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Otto Lucien Anton "Tony" Spaeth', Jr. (February 6, 1934 in Saint Louis, Missouri) is a corporate identity planner, consultant, critic and teacher. His work developed the premise that institutional branding systems are best understood as tools of leadership – tools to establish directional clarity, motivate performance, and affect structural change as well as to revitalize market presence:
"In preparing an imaginary consulting proposal, the author provides a practical, comprehensive overview of two major groups of identity issues: content - making sure the program is right; and execution - making sure the program is working. It is a thorough primer rich with examples and commentary on the nuances of decision making." (Tony Spaeth - Diagnosing Corporate Identities, Design Management Journal, 1991)
During his childhood, Spaeth's parents took in Anthony Bailey (then himself a child) as a war refugee; Bailey has since told the story of their shared childhood years in the books America, Lost & Foundand England, First & Last.
After the Spaeths moved to Manhattan, ‘Tony S’ was schooled at Millbrook and Portsmouth Priory, then majored in architecture at Princeton University. After Navy service (as a corpsman, 2nd Marine Division) Spaeth learned market research and account management at Foote Cone & Belding, then joined the Harvard Business School class of 1963.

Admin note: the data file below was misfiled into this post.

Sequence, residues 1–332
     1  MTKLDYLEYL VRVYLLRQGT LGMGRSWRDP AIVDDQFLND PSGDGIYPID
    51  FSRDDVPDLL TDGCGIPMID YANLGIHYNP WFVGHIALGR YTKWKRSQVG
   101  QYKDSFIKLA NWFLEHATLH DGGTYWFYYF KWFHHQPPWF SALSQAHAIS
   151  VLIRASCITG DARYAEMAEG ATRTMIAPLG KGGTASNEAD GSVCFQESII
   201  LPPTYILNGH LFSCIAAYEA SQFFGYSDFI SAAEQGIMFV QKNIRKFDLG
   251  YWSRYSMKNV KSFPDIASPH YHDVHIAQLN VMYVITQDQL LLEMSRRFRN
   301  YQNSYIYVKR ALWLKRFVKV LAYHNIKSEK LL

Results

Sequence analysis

In 1964, Spaeth was recruited by Lippincott & Margulies, where corporate identity was first being thought through as a meaningful professional specialization. From that point on, “identity” became his primary window on marketing and management issues.
Two decades of diverse marketing work followed, including classic product management (at American Home Foods, on Jiffy Pop and Gulden's brands), the creation of Controlled Brand Marketing Inc., in partnership with industrial designer Robert P. Gersin, to be product managers/designers for supermarket private labels, consultancy on N.W. Ayer & Son’s marketing services team (including a key role in the creation of the Absolut Vodka brand), VP Marketing of the Levolor blinds company, and then marketing direction of several Citicorp business units.
Spaeth returned to undiluted identity focus in 1985, when he joined the consulting firm Anspach Grossman Portugal (whose partners he had known from Lippincott & Margulies in the 60s) as director of marketing and a consulting principal. His first act was to change the firm’s descriptive tag from “Marketing Communications and Design” to “Identity Consultants,” thus naming the category in which the firm held a leadership position - basically, Corporate Identity as a management tool. Clients he served included American Express and Pfizer. He also restructured and directed the firm’s naming capability. In 1990, when AGP’s partners had sold the firm to WPP Group, Spaeth established an independent consultancy.
From a base in Rye, New York, since 1990 Spaeth has provided identity planning and creative counsel to scores of clients in diverse categories. He is credited with such corporate brands as Dow Jones, Eastman Chemical, Celera Genomics, Flowserve, Commonfund, FIRST Robotics and Outward Bound USA.